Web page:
REVIEW: Fat White Family @ Georgian Theatre, Stockton (4.12.15) | NARC. | Reliably Informed | Music and Creative Arts News for Newcastle and the North East

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The last time that Fat White Family visited Stockton, they tore the Georgian Theatre apart with their blistering punk and onstage debauchery. Clothes were lost, audience members were bothered, and somehow, frontman Lias Saoudi found himself smothered in butter. Just your average concert then. That show must have gone down as one of the best performances to take place at the Georgian, one I unfortunately missed, too. But the London outfit’s much-anticipated second stop (and a sell-out one, at that) in Stockton proved to be just as boisterous and just as legendary, if not more so. This time around, the band were joined by Dale Barclay of the equally raucous Amazing Snakeheads, who sadly split earlier in the year.

The venue is already two-thirds full for curiously-named support act Meatraffle. A works-but-it-shouldn’t blend of brass, post-punk, and creeping basslines give the slowly expanding audience time to prepare for the inevitable onslaught of madness due when the main act take to the stage.

After a brief break, in which the atmosphere in the room becomes electric, almost impatient, the band stalk onstage. Beginning with new song Tinfoil Deathstar, they then launch into the anthemic Auto Neutron. The crowd is a whirlwind of bodies by the second verse, which sets the frenetic and almost frightening tone for the rest of the night.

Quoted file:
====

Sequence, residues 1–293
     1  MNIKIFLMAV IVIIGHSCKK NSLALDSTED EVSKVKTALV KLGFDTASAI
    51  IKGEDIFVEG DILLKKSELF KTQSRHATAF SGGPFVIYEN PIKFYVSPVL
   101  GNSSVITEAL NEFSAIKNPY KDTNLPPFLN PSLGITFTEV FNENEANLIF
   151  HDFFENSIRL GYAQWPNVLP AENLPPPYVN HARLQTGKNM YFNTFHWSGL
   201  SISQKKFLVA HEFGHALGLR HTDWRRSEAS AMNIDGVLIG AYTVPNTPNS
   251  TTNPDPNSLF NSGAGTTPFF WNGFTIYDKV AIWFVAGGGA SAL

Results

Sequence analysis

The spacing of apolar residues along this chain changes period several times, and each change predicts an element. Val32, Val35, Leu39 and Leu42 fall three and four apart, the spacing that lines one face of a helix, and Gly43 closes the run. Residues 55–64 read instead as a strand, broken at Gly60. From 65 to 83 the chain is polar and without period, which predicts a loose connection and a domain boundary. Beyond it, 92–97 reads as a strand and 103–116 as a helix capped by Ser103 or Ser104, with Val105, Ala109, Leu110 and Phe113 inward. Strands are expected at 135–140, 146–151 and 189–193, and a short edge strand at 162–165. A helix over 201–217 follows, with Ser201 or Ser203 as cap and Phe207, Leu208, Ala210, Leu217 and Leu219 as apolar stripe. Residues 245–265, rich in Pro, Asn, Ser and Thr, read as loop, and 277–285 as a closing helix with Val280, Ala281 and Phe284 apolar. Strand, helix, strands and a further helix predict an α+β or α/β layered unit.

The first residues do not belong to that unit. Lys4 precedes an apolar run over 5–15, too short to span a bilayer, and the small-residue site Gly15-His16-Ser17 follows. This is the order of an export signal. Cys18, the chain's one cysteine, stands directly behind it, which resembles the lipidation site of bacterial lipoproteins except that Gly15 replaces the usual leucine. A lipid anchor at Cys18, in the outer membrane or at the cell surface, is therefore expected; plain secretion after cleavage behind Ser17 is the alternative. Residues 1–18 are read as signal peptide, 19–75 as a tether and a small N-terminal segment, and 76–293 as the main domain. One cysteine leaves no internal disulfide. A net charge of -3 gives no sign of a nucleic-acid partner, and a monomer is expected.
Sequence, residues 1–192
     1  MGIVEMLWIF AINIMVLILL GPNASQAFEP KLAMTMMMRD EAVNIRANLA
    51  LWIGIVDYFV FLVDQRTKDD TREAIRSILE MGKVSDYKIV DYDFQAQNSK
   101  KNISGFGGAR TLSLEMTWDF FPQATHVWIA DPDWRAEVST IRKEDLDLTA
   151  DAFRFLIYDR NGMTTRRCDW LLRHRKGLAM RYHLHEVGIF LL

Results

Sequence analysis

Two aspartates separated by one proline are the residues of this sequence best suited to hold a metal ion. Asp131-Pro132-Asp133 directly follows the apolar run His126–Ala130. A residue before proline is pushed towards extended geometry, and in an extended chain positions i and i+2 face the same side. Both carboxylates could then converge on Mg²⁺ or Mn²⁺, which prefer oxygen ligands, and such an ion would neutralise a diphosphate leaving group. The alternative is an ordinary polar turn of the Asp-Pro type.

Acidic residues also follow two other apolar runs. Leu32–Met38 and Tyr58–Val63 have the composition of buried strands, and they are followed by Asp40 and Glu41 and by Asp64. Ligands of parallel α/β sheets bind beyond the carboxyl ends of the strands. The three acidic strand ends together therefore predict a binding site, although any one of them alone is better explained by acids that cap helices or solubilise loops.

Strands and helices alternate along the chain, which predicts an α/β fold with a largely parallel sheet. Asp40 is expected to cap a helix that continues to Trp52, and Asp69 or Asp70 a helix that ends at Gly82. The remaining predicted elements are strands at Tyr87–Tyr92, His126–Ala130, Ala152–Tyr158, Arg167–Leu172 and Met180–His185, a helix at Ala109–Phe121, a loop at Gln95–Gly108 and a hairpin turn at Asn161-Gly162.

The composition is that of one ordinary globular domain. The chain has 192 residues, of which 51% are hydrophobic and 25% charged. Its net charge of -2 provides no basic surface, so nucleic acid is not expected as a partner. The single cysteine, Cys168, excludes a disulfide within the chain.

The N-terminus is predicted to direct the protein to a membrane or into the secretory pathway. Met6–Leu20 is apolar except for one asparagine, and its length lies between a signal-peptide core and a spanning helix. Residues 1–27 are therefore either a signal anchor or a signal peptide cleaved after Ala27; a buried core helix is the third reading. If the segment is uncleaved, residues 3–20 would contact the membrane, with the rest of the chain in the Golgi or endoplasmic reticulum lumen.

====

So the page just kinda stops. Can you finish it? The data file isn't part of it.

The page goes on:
Latest single Whitest Boy on the Beach, a synth-tinged and terrifyingly-catchy anthem that you can’t help but bob your head to, has the crowd react just as positively as they do to the rest of their back catalogue. The ever-controversial band ask the audience if “anyone is a child molester” before launching into the risqué and perhaps slightly concerning Cream of the Young. A rare power ballad (of sorts) allows the audience to have a break from the mayhem, before the crowd is riled up once again with the inimitable sleaze-fest that is Touch the Leather. Finishing song Bomb Disneyland sees the crowd at its most frantic, almost piling onto the stage at one point.

And just like that, this menace of a band are gone, no doubt to cause mischief backstage. If you can look past the often-worrying lyrical content, and handle a bit of a beating from the crowd, Fat White Family are easily one of the country’s most unique and must-see bands.

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